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If you attended the 2024 ISM-Houston Supplier Expo as we did earlier this month, you know that supply chain optimization is on everyone’s radar right now. Specifically, the dual challenges of cost and risk. Managing these two is like trying to stay level on a balance beam. When you tackle costs, those gains can be offset by too much risk. On any given day, we need to ask ourselves, “What’s happening right now, and what can I do to stay on track?” Depending on the circumstance, you may need to focus more on risk and then other times on cost drivers. So how do you achieve optimal balance? We look for opportunities in the challenges.

Transportation and lead times 

Coming out of Covid, supply chains were in complete disarray because we relied so much on China and other countries for our manufacturing materials. Strikes at ports kept supplies out on the water for months. Today we have ships stalled in the Middle East due to attacks and hijackings. Water levels have been so low in the Panama Canal that ships couldn’t pass, taking an extra 13 days to reroute materials around South America. When you understand where and why things are happening and how they’re going to impact your inventory, you can make moves to get ahead of it. Adjust and coordinate closely with facilities to prepare for longer delivery schedules. 

Another solution is to onshore supplies and bring materials closer to home. We’re seeing major shifts taking place for onshoring. Federal, state, and local governments are creating huge incentives to build manufacturing facilities in the U.S. The White House reported that semiconductor manufacturing jobs increased by 4.3% year-over-year due to federal CHIPS and Science Act funding incentives. Nearshoring to reduce travel distances or relocating manufacturing to more “politically-friendly” countries are also viable options. Whichever direction you pursue, you’ll benefit from quicker order-to-receipt times and lower costs. 


Looking back on inflation over the past four years, something that sold for $1 in 2020 now costs $1.20. So, even if you negotiated contracts just three years ago, you need to revisit them now. Take a look at what you’re spending across the board and map out the impact. Even if it’s not time to renegotiate a contract, at least begin a dialogue to shape your agreement to fit current market conditions. We firmly believe that cost containment works best in the spirit of fair and reasonable partnership, and that you can improve supplier relationships while lowering costs. Typically, no one wins if a supplier goes out of business, so even when dealing with large corporations, it’s in everyone’s best interest to land in that “fair and reasonable” territory. And make sure billing is aligned with what’s in your contracts. Contract compliance audits will recover dollars and contain your future spending. According to CAPS Research, 84% of CEOs see a high risk of recession in the next 12 months. How does that impact your procure-to-pay decisions today?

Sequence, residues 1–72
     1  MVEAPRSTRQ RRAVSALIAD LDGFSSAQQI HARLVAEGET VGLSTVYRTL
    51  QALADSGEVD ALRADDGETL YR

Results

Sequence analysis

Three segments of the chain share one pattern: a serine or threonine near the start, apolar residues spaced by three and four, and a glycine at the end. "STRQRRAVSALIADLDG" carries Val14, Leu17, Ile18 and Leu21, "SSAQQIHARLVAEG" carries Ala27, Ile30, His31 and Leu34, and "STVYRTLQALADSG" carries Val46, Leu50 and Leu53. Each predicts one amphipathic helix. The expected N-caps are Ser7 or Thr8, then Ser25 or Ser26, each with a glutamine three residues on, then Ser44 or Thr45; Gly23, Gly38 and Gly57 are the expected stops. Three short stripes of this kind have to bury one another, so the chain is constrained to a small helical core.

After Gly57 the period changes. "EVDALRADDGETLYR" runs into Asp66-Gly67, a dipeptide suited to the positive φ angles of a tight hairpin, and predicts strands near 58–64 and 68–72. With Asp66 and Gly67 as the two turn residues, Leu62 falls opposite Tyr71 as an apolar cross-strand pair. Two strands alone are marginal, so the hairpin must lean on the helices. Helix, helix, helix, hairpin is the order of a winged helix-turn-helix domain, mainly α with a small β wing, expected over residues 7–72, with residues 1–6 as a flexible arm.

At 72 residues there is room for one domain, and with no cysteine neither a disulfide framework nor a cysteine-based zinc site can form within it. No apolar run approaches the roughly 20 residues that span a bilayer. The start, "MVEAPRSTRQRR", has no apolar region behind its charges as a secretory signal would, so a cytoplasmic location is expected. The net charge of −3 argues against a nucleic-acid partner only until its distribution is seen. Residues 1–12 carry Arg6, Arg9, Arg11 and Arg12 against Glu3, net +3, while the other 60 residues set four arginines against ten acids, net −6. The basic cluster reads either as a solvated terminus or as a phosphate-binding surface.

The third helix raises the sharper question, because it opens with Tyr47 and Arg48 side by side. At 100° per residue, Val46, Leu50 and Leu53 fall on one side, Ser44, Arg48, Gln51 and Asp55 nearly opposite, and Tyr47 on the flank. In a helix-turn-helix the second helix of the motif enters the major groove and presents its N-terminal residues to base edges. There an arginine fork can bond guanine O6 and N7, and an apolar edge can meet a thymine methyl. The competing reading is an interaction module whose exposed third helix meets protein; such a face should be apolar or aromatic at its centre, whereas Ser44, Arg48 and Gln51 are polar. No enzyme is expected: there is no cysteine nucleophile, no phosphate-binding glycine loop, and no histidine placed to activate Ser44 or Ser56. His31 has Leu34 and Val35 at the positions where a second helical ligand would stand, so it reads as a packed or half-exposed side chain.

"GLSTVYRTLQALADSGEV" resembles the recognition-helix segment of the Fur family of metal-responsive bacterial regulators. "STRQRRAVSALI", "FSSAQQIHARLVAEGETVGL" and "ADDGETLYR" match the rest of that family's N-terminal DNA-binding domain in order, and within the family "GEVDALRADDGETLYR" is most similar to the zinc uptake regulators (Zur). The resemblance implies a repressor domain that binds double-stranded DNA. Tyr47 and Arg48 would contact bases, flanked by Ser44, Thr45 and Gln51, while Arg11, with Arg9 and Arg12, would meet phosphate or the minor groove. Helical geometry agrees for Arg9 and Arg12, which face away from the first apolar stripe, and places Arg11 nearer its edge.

Whether geopolitical or operational, risk is inherent in the supply chain. We’ve found that although taking a more targeted view of the contract as a risk management tool is effective, it’s too often overlooked as a tactic. A balanced risk model is the way to go, where neither the client nor the supplier carries an excessive burden of risk. When negotiating to hit this sweet spot, it’s helpful to break it down into six factors: financial risk, operational risk, HS&E risk, litigation risk, business process risk, and audit recovery risk. Make the most of contract negotiations. Fine-tune contract language to eliminate broad interpretations and clearly outline each party’s responsibilities. 


Net zero, climate sustainability, diversity, regulations… the needle on ESG reporting requirements is already moving, and it’s not going to slow down. Eventually, you’re going to need an entire program, much like SOX, to handle the burden of regulatory reporting and controls. It goes back to risk. From Level 1 to Level 3 suppliers and beyond, what’s your visibility into their businesses, practices, and impact? It’s going to matter. At the very least, a program to address Level 1 risk should be developed. You’re going to be hearing more about this in the coming months. If you’re global, you’re already under heightened scrutiny from European markets, so consider how to best manage the exponential increase in ESG burdens headed your way. 

In summary, these steps can help when tackling your cost and risk challenges:

  1. Consider different approaches to transportation.
  2. Renegotiate your contracts to manage inflation.
  3. Conduct contract compliance reviews to recover dollars.
  4. Leverage your contracts as a risk mitigation tool.
  5. Prepare for the ESG avalanche that’s headed your way.

We help companies compete more effectively by tightly focusing on improved profitability while reducing risk. If you’re interested in talking about ways to optimize your supply chain, let’s get started.

Consider us your procure-to-pay powerhouse.